• $\begingroup$ If you parallel-shift every swap quote by the some number of basis points shock, keeping the I-spread constant, and back out the bond's price using the perturbed swap curve, it should have the same impact as just adding the same shock to the bond's yield. You can skip the swap curve manipulations and just limit your calculations to price-yield. For non-callable investment-grade fixed-coupon bonds this may be good enough. But for other bonds you may need more sophsticated calculations for market risk stress testing. $\endgroup$ Jun 7, 2023 at 11:11

1 Answer 1


This is probably a question that should be addressed by the Helpdesk. Anyways, in terms of your questions:

  1. The SOFR curve is indeed constructed using swap rates, from very short dated weekly swaps to long dated tenors (e.g. 50 years). If you think the choice of instruments is not appropriate, e.g. short dated SOFR swaps are not representative or illiquid then you can decide to replace them by futures (1 month or 3 month). It's entirely up to you.

  2. Post-LIBOR, SOFR is perhaps the main curve for pricing USD interest rate derivatives. Since I-Spread is just the difference between the interpolated mid swap rate and the bond yield, using the SOFR curve is therefore a decent choice.

  3. The problem does not lie in your choice of a IR curve. Even if you were to use the Fed Funds curve you might only notice a difference of a few bp.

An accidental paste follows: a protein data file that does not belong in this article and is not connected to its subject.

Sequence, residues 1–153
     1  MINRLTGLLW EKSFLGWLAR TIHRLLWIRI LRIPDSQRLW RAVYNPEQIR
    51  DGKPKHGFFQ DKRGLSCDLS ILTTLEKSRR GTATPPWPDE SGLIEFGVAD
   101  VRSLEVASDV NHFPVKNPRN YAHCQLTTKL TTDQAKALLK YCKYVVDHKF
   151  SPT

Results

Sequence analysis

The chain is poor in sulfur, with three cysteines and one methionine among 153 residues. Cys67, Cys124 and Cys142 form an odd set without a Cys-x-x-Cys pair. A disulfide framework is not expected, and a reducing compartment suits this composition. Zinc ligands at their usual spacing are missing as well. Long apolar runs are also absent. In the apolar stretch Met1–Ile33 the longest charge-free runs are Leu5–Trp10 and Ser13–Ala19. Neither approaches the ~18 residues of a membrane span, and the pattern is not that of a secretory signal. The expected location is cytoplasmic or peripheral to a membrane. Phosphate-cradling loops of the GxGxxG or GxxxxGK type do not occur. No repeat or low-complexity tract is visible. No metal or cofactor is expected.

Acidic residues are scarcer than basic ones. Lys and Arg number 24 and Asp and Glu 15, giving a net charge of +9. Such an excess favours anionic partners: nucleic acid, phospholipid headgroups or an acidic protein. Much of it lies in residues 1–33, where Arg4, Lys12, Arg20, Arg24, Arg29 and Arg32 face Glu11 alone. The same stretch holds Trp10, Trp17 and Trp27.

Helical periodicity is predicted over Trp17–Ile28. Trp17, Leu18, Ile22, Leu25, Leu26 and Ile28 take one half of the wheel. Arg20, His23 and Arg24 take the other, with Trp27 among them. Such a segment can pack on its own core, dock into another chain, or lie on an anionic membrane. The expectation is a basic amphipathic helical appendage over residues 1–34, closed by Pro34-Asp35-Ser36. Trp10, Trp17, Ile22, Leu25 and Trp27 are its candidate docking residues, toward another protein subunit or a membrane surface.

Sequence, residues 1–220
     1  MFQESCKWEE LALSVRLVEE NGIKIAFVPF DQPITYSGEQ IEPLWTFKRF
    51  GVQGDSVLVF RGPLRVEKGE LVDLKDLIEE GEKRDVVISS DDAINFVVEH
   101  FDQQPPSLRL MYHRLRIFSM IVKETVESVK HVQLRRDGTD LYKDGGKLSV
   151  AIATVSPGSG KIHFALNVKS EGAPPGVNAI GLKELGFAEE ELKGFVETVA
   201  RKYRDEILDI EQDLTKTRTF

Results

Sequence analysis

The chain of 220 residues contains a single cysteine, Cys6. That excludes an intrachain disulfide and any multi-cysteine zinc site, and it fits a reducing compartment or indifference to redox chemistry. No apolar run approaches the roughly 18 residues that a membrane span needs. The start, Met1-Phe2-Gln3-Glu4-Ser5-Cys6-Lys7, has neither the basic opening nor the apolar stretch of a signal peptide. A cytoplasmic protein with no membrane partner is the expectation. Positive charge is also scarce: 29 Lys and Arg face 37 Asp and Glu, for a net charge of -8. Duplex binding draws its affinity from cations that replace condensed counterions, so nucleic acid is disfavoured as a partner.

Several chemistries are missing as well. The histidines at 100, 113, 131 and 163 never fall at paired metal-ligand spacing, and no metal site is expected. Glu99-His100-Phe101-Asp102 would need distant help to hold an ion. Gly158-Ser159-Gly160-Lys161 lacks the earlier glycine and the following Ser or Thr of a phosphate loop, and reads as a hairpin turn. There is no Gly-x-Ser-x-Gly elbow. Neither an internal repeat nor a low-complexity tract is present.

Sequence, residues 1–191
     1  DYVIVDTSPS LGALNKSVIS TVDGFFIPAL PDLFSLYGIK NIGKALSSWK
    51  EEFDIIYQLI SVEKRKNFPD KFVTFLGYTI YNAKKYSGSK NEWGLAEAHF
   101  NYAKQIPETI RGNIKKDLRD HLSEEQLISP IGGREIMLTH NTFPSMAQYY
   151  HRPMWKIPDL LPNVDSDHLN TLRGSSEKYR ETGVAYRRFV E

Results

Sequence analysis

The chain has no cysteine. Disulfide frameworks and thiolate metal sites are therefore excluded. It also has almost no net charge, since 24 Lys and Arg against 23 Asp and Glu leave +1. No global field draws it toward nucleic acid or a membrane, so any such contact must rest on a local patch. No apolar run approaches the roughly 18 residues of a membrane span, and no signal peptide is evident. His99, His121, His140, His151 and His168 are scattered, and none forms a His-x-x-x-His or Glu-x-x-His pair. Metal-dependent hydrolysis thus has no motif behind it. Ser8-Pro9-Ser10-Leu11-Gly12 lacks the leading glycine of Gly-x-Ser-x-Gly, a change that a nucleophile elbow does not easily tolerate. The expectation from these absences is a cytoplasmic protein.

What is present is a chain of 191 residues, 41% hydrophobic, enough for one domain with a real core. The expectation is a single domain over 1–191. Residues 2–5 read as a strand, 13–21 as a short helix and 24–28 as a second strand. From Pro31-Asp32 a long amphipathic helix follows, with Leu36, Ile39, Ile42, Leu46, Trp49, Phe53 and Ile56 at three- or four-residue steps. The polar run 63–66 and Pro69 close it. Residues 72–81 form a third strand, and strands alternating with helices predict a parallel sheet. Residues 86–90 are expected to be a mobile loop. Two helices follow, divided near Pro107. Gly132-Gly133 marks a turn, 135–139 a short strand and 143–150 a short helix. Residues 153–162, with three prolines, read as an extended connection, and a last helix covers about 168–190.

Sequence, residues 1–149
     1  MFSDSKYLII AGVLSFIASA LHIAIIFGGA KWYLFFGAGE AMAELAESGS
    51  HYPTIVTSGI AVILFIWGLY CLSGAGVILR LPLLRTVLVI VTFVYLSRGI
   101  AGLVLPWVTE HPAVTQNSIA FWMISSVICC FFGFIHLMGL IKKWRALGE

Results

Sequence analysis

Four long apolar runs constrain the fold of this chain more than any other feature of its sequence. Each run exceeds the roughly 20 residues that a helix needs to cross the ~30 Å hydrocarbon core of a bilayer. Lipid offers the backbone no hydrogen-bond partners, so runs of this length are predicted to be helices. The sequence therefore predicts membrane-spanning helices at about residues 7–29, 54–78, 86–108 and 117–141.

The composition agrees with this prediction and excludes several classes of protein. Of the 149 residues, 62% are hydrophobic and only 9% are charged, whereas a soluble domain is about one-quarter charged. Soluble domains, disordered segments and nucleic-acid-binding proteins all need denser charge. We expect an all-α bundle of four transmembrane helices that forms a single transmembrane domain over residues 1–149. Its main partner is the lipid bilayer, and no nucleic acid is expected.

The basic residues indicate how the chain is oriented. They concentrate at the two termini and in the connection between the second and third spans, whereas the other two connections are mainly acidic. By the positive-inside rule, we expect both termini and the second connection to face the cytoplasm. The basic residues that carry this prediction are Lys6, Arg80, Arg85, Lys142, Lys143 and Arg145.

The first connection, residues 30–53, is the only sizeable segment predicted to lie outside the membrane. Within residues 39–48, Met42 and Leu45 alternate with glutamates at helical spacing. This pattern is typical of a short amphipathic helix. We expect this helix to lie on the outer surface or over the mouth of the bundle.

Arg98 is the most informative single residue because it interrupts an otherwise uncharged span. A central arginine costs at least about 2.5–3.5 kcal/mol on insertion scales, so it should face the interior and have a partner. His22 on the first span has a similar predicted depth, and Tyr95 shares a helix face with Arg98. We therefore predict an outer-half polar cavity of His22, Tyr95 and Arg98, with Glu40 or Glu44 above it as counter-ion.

The real problem for pricing corporate bonds lies in your choice of spread. I-Spread for one does not consider the term structure of interest rates. If you have a 20 year bond then each cashflow is discounted with the same risk free rate - that's not right. Especially now where you have ~100bp of steepness at some points of the curve. You can "fix" this issue by using the Z-spread (or zero-volatility spread) which discounts each cashflow at the appropriate zero-coupon rate plus constant spread.

The main issue with using Z-Spread is that it doesn't account for optionality, and this is a big deal for corporate bonds. Thus, the standard spread to measure (and compare) bond credit risk is the Option Adjusted Spread, or OAS.

Now without going into too much detail, the OAS can be thought of the Z-Spread minus cost of optionality:

$$\text{OAS} \approx \text{Z-Spread} - PV[\text{Call}]$$

Calculating OAS is non-trivial and model dependent, you can find a lot of information online, e.g. here or this oldie but goldie primer from Lehman. The Fabozzi book also offers a great overview on the various types of spreads and ways to calculate them.